Most people with cellulitis feel only mildly ill. Some may have a fever chills rapid heart rate headache low blood pressure and confusion which usually indicates a severe infection.


As the bacterial infection spreads nearby lymph nodes may become enlarged and tender (lymphadenitis) and the lymphatic vessels may become inflamed (lymphangitis).


A doctor's evaluation


Sometimes blood and tissue cultures


A doctor usually diagnoses cellulitis based on its appearance and the person's symptoms.


Laboratory identification of the bacteria from skin blood pus or tissue specimens (called a culture) usually is not necessary unless a person is seriously ill or has a weakened immune system or the infection is not responding to drug therapy.


Sometimes doctors need to do tests to differentiate cellulitis from a blood clot in the deep veins of the leg (deep vein thrombosis) because the symptoms of these disorders are similar.


Most cellulitis resolves quickly with antibiotic therapy. Occasionally people develop skin abscesses. Serious but rare complications include severe skin infections that rapidly destroy tissue (called necrotizing skin infections) and spread of bacteria through the blood (bacteremia).


When cellulitis affects the same site repeatedly especially the leg lymphatic vessels may be damaged causing permanent swelling of the affected tissue.


Cellulitis can develop again in people who have risk factors such as athlete's foot obesity damage to leg veins that prevents blood from flowing normally (venous insufficiency) swelling (edema) and atopic dermatitis (eczema). These disorders should be identified and treated to decrease the likelihood of cellulitis developing again.


Antibiotics


Treatment of disorders that would make cellulitis worse


Drainage of any abscesses


Prompt treatment with antibiotics can prevent the bacterial infection from spreading rapidly and reaching the blood and internal organs. Antibiotics that are effective against both streptococci and staphylococci (such as dicloxacillin or cephalexin) are used.


If doctors suspect methicillin-resistant Staphylococcus aureus (MRSA) infection such as when pus is draining from under the skin or when other serious symptoms develop treatment may include antibiotics such as trimethoprim with sulfamethoxazole clindamycin or doxycycline by mouth.


People with mild cellulitis may take antibiotics by mouth.


People with rapidly spreading cellulitis high fever or other evidence of serious infection or who have not been helped by the drugs taken by mouth are hospitalized and given antibiotics by vein. Also the affected part of the body is kept immobile and elevated to help reduce swelling. Cool wet dressings applied to the infected area may relieve discomfort. Disorders that increase risk of developing cellulitis in the future (for example athlete's foot) are treated.


Symptoms of cellulitis usually disappear after a few days of antibiotic therapy. However cellulitis symptoms often get worse before they get better probably because with the death of the bacteria substances that cause tissue damage are released. When this release occurs the body continues to react even though the bacteria are dead. Antibiotics are continued for 10 days or longer even though the symptoms may disappear earlier.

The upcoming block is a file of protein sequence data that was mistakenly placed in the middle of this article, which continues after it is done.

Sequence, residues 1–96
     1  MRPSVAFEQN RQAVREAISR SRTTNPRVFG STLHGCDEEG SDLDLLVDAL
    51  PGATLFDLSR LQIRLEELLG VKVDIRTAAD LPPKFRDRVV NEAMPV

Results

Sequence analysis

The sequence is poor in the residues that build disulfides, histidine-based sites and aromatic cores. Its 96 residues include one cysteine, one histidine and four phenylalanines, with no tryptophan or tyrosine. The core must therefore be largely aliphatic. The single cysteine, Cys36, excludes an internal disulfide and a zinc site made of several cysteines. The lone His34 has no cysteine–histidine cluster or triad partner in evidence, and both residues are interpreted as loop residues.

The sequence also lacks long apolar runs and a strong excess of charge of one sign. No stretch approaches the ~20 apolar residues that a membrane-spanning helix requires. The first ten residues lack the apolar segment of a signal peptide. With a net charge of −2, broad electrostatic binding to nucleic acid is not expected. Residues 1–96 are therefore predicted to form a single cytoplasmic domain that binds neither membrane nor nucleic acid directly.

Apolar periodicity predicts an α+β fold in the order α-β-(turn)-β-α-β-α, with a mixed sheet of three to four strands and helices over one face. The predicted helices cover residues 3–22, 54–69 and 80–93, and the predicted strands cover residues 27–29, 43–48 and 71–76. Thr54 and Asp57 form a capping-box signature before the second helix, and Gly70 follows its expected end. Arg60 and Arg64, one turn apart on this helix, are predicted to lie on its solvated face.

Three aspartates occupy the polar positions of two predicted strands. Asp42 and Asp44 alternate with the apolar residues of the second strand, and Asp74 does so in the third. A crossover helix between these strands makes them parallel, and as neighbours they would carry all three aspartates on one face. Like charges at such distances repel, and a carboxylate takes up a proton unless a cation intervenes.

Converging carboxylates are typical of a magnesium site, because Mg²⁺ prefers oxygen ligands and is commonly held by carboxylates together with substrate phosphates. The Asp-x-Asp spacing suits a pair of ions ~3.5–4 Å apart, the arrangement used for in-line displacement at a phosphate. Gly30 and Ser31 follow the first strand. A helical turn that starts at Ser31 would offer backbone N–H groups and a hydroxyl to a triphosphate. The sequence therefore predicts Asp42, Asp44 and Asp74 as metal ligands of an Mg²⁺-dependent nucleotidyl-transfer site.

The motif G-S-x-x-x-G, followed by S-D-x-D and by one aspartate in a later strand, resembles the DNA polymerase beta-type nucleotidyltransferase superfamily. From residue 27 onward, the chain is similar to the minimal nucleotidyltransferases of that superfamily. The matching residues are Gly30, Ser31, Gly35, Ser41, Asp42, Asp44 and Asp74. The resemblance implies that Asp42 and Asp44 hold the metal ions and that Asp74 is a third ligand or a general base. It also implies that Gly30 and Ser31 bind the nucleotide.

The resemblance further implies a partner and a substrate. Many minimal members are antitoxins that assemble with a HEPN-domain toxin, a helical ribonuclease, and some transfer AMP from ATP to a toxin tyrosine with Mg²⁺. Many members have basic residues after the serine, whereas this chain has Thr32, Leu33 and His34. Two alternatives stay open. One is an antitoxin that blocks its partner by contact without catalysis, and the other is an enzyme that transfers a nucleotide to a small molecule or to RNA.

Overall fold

Abscesses are cut open and drained.


Compression stockings can help prevent episodes of recurrent cellulitis of one or both legs.


Cellulitis is a spreading bacterial infection of the skin and the tissues immediately under the skin.


Cellulitis involving the soft tissues under the skin is generally not contagious but it can be somewhat contagious depending on what bacteria is causing the cellulitis and whether there are any blisters fluid or pus oozing out which make it easier to spread.


Cellulitis may itch a bit but most people usually describe it as uncomfortable or slightly painful.


Cellulitis in the skin most typically appears red feels warm and is tender to the touch. The skin may be slightly swollen and pitted like the skin of an orange. Sometimes there are blisters.


Cellulitis is uncomfortable but most people do not describe severe pain.


The danger of cellulitis varies depending on what type of bacteria are involved how deep the infection goes how large the affected area is and whether the person has any immune system disorder or other serious health problem. Generally a small patch of cellulitis in a healthy person is not dangerous. Cellulitis that spreads widely or deeply can be life threatening.


With treatment a small patch of cellulitis in a healthy person can resolve in 5 days or so. The more severe the cellulitis and the more medical problems the person has the longer it can take to resolve. Very severe cellulitis may last 2 weeks or more even with treatment in the hospital.


Cellulitis can be a staph infection. Staph and strep (streptococcus) are the two most common causes of cellulitis.


Yes cellulitis can spread rapidly within the soft tissues under the skin depending on factors such as the type of bacteria causing it and the person's immune system.
  • The Author: wikbe